Moreover, I worry about their long-term financial viability. Yahoo is NOT going to be around in its current form forever. I'm not sure whether there's any other "anchor sponsor" on the horizon that would fund Mozilla at the same level as Google or Yahoo without forcing compromises in principles.

However, I still just haven't been able to make myself click the donate button.

The things that I ACTUALLY care about from Mozilla (i.e. Firefox and Thunderbird) are things that fell into their lap from Netscape back in 1998, and which they've incrementally tweaked or re-worked in the two decades since. I don't feel a sense that anyone in a leadership position at Mozilla really cares about those things. I think they see them as "legacy software", providing only a "brand" to be "leveraged" in squeezing a bunch of other junk onto their resumes.

They work on a lot of interesting technical things behind the scenes, but little of it appears to have traction or visibility. The things that ARE promoted by leadership and marketing are "day-late-and-dollar-short" imitations of whatever Google did a few years prior. I don't care if you create a "me too" copy of Android without any phone carriers to sell it. I don't care if you create a "me too" Raspberry Pi, that will be lost in a sea of other coming-soon hobby boards by the time it's actually released.

The Wikipedia article on Mozilla suggests that their annual budget has grown from $2 million initially, to over $300 million today. You know what? They were a better and more RELEVANT organization when they were closer to the $2 million mark. I don't want to donate money so that a band of Google-reject executives can pad their resumes with nonsense and shut down Thunderbird.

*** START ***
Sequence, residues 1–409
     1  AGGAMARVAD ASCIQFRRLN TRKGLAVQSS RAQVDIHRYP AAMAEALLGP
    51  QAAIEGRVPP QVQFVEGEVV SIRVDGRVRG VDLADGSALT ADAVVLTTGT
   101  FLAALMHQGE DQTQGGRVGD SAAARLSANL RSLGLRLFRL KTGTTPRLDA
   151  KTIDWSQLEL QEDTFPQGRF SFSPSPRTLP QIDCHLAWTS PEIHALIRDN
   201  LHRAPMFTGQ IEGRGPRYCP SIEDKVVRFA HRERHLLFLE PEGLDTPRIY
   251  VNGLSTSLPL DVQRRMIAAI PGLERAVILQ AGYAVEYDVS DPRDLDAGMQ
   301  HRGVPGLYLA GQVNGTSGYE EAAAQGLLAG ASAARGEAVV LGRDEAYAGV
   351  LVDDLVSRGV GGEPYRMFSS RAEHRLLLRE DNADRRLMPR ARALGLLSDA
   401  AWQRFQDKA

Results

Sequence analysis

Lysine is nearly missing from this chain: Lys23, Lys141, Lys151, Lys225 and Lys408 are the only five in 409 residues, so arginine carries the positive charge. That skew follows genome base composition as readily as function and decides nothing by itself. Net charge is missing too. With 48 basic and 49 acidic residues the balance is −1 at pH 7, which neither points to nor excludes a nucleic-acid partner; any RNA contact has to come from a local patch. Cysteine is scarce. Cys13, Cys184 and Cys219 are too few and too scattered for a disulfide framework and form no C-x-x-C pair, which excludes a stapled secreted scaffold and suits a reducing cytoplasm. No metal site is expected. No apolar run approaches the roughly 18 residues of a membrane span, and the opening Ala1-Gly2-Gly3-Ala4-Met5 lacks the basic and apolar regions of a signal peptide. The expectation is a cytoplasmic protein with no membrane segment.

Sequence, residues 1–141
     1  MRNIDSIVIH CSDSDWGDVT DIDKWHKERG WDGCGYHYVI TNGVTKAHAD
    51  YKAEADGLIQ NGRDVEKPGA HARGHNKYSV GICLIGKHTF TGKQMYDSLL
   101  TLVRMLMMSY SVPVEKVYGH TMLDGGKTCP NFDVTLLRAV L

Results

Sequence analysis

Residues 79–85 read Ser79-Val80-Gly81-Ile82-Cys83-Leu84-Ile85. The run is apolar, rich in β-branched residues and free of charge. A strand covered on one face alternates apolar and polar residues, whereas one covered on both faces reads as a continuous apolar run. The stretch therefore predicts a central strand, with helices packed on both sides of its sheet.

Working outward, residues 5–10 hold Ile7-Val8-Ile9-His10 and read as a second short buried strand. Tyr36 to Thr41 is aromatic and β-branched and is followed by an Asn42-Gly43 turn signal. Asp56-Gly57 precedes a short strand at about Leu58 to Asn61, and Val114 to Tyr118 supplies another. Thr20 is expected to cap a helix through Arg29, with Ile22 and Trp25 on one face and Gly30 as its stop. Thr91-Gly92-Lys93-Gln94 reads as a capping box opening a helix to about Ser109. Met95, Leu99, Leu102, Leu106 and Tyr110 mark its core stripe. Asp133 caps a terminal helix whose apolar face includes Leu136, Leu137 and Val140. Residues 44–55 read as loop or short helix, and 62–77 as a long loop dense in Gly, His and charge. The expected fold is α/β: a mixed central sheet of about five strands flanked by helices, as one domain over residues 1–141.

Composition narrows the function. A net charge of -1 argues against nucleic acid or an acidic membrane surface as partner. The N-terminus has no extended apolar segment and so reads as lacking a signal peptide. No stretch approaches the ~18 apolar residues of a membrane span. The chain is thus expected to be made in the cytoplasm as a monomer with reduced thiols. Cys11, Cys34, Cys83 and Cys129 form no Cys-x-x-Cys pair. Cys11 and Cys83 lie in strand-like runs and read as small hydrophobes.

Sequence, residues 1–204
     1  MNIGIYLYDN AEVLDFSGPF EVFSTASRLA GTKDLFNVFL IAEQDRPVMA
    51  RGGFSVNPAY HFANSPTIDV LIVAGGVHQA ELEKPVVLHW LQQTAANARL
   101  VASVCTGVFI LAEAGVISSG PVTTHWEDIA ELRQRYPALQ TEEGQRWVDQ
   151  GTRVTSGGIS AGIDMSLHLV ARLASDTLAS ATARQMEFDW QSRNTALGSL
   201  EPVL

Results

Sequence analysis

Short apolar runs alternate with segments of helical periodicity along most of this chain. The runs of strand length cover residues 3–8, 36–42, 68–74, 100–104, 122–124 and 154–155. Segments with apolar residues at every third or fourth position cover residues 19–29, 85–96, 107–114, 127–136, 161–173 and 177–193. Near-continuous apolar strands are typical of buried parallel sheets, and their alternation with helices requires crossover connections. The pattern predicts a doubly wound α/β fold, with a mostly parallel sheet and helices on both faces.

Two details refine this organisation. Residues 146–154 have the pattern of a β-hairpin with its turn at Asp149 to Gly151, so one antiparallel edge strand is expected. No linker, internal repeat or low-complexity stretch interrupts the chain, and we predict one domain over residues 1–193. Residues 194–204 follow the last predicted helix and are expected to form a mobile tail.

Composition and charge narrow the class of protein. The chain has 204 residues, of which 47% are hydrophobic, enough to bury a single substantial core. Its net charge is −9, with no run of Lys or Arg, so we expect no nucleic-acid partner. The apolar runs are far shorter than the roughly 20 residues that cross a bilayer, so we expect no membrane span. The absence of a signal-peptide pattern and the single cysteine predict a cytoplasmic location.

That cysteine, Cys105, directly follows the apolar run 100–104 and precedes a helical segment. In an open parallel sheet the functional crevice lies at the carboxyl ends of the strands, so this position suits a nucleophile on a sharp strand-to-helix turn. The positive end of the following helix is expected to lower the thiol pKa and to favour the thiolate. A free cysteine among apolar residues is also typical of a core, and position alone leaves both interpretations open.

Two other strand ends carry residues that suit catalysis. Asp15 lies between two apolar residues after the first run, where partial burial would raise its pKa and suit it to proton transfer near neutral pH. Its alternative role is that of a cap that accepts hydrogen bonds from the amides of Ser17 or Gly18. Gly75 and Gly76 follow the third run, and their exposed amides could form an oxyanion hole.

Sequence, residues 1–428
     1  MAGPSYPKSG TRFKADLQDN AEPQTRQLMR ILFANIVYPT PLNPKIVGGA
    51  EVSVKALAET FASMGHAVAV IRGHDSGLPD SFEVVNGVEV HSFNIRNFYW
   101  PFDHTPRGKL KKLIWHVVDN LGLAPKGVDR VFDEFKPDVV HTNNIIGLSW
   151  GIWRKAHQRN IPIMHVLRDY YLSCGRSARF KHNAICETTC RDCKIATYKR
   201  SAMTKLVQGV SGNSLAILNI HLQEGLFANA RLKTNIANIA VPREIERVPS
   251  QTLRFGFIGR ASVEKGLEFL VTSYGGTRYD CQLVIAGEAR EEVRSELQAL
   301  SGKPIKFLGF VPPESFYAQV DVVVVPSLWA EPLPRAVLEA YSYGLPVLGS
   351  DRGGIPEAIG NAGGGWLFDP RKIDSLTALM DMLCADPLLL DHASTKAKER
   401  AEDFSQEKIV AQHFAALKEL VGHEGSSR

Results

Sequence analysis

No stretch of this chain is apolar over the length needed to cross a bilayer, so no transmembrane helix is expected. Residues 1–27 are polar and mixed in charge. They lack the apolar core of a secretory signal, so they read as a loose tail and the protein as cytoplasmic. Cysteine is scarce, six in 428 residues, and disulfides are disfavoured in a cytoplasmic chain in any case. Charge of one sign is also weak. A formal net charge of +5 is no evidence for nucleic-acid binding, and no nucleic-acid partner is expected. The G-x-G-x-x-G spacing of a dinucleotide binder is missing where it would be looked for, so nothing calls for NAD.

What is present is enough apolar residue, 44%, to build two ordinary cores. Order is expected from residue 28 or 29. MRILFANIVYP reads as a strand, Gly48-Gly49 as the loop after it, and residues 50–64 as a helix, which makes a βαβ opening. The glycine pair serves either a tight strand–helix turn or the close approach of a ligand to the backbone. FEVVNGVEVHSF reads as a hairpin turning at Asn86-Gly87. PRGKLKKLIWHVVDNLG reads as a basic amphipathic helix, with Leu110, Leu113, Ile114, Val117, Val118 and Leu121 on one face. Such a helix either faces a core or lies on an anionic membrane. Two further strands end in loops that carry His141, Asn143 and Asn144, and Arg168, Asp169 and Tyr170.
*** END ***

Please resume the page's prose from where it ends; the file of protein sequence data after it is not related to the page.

I almost kinda HOPE that their funding collapses in the wake of Yahoo's death, so that the leadership bails and they're forced to downsize into something sensible and focused on the flagships. I just hope that the perhaps-inevitable reformation can happen gracefully without being so jarring as to end Mozilla altogether.

This is a strange comment that starts in one place, and ends with your musings on the collapse of Mozilla.

First off, Mozilla didn't have FF "fall into their lap" from Netscape. Netscape spun it off and gave birth to Mozilla. They absolutely do not consider Firefox legacy software and you'll need to back that up somehow for me to believe it.

They may very well be a better company at $2M than they are at $300M, but the back half of your comment sounds bitter and angry at what appears to be Mozilla's recent announcement on Thunderbird.

Despite the "bitter and angry" connotations, GPs comment still rings true. Everything branded Firefox or Mozilla is dying a slow, withering death. At least, everything I used to like using.

> First off, Mozilla didn't have FF "fall into their lap" from Netscape. Netscape spun it off and gave birth to Mozilla.

Not that this is a critical point worth arguing about or getting bogged down with pendantics... but I don't see any meaningful distinction in what we're saying.

Mozilla was bootstrapped with Netscape IP. They maintained Navigator/Communicator for awhile, then split its browser and email features into separate slimmed-down applications. My point was that their flagship applications come from inherited IP, and none of their original IP developed since the Netscape split has been remotely as impactful.

> They absolutely do not consider Firefox legacy software and you'll need to back that up somehow for me to believe it.

I struggle to name any meaningful developments in Firefox over the past 7 years that are not direct imitations of something done by Chrome. The situation with Thunderbird during that same window of time, and Mozilla leadership's view of it going forward, has been discussed at length. All major new initiatives and public visibly is directed toward mobile OS or IoT hardware unrelated to their flagship applications.

In my view, that is legacy software. The definitions and wordsmithing of others may vary, but that's the rationale behind my use of the term.